Flap over VOTE petition stirs debate at meeting

Issue centers on collection
of signatures at July 4
event in Johnson Park

By Joyce Blay
Staff Writer

Flap over VOTE petition
stirs debate at meeting
Issue centers on collection
of signatures at July 4
event in Johnson Park
By Joyce Blay
Staff Writer

JACKSON — The issue was free speech, the venue was Independence Day festivities at Johnson Park, but members of VOTE (Voters Organized To Elect our mayor) involved in the incident that evening were not talking about it to the media.

The irony of a group dedicated to changing government by statutory means whose members refused to speak about an alleged infringement of their Constitu-tional right to free speech on a day that celebrates those rights was not lost on VOTE spokesman Robert Schiappacasse, a corporate attorney. However, he was unable to compel any of the six or seven people he said were involved in the matter to discuss it with the Tri-Town News.

Instead, Barbara Vigliotti chose to address Mayor Michael Kafton and other members of the Township Committee about what happened on July 4 before a handful of residents attending the governing body’s July 14 meeting.

"May I call you Michael?" asked Vigliotti, who said she has known the mayor for many years, then quickly made her point. "We were not permitted to get signatures" in Johnson Park on Indepen-dence Day, she said.

According to Schiappacasse, Vigliotti and others were in the park on July 4 to solicit signatures for a petition containing a question they wish to place on the ballot in November. If the question makes it onto the ballot and is approved by voters, Jackson’s government would be changed from that of a part-time, five-member committee that appoints a mayor each January to a larger government with a full-time, directly elected mayor and a nine-member Township Council and ward system.

The Township Committee at its July 14 meeting unanimously introduced an ordinance that would instead place before voters the question of whether to create a charter study commission that would examine the possibility of changing the town’s form of government and to have voters elect members to that commission.

Only one question regarding Jackson’s form of government may be placed before voters in the fall in order to avoid confusion, according to Township Attorney Kevin Starkey.

The committee has stated its opposition to the question proposed by VOTE. Kafton told the Tri-Town News the week before the meeting that committee members would in fact introduce their own charter study commission question as an ordinance at the upcoming meeting.

Proponents of the VOTE petition who were present when the charter student commission proposal passed on first read­ing were equally vociferous in their opposi­tion to it.

The question that will appear on the ballot depends on whether VOTE members can collect 5,000 certified signatures of registered Jackson voters before the com­mittee adopts its ordinance next week.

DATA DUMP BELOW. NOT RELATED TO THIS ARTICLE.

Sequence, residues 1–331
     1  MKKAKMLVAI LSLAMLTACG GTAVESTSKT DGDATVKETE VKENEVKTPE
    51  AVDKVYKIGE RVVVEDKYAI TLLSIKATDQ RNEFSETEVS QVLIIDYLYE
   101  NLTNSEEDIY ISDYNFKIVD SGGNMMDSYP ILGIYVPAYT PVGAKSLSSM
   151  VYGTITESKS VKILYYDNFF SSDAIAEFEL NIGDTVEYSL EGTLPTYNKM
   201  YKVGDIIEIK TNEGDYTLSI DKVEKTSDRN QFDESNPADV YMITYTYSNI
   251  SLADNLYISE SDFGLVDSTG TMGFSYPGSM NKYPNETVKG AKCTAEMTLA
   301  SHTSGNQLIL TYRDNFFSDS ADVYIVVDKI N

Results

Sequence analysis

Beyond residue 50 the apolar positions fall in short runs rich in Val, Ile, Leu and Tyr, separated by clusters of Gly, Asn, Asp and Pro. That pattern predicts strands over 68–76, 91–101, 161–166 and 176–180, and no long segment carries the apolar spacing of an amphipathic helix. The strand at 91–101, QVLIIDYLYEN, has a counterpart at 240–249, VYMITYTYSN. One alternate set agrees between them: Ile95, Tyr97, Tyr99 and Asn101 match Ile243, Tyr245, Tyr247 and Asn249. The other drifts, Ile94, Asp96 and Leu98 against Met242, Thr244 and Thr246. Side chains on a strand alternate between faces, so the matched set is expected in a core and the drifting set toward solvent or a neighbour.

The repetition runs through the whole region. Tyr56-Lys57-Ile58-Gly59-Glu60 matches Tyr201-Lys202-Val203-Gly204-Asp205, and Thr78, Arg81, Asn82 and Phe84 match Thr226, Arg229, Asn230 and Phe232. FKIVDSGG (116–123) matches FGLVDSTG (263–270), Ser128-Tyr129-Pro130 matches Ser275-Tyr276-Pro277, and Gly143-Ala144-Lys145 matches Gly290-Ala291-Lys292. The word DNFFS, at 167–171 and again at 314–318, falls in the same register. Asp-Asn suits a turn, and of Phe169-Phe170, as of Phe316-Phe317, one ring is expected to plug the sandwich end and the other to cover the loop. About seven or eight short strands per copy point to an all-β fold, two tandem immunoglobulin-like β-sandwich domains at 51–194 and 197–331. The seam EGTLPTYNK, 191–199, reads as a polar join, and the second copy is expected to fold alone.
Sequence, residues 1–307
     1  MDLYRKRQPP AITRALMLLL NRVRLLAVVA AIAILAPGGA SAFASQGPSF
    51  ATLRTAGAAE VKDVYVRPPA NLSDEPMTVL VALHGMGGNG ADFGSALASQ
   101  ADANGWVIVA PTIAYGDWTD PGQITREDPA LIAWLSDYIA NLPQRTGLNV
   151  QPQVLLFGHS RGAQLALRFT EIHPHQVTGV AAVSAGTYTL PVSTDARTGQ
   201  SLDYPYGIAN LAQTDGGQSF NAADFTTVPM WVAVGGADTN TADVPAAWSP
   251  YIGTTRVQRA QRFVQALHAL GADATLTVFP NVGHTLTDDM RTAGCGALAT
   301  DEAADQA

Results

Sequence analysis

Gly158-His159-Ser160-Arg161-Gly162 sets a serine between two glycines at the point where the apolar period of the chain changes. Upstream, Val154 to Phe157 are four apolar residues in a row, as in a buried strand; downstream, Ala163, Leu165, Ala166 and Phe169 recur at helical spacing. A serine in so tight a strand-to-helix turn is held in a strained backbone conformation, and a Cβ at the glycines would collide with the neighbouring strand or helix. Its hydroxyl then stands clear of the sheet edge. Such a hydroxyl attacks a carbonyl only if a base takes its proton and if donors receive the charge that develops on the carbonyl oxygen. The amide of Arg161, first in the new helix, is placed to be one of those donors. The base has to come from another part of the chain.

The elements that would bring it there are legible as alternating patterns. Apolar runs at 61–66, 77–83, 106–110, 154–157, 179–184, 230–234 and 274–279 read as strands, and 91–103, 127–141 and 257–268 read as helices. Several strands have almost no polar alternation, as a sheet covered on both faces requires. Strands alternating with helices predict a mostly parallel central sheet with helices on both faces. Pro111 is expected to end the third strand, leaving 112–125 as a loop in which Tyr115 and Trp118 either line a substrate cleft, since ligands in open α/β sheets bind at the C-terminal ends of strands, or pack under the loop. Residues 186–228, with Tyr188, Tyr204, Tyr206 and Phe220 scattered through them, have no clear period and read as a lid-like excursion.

"It’s not that you weren’t permitted [to solicit signatures], Barbara," Kafton said. "I made a recommendation that you did not [follow]."

Kafton said the solicitation that night of signatures by supporters for VOTE’s peti­tion was improper at the community cele­bration.

Committeeman Joseph Grisanti agreed.

"It’s not right, it’s just not right," he said to Vigliotti.

"Then on Jackson Day, we won’t have a Republican or a Democratic booth?" Vigliotti asked.

"That’s Jackson Day," said Grisanti.

Kafton repeated his assertion that the VOTE group did not follow his instruc­tions, or those of the police, who were also involved in the July 4 incident.

"Barbara, it was required that you did not [solicit petition signatures that night]," said Kafton. "It was required by myself and the director of the police department."

Samuel DePasquale is the public safety director who oversees the Jackson Police Department.

At that point Vigliotti left the public fo­rum. She declined an interview request from the Tri-Town News.

In a subsequent conversation, Kafton acknowledged that the VOTE group was at Johnson Park on July 4 to solicit signatures to change Jackson’s form of government and that he approached those soliciting signatures to ask them to stop their activity. However, he said he had not called DePasquale in order to have the police use force to stop the solicitation of signatures.

"There was a question as to whether the police had given them permission to [solicit signatures], so I contacted Mr. DePasquale and he said [they had not re­quested permission]," Kafton said.

When asked whether anyone needed permission to solicit petition signatures in a public park in Jackson, Kafton said he did­ not believe they did, but he defended his actions nonetheless.

"People come here to enjoy the park with their family and [petition solicitors] were interfering with that," he said. "The police department was there because of the amount of traffic. Barbara, as well as any­one else, knows that."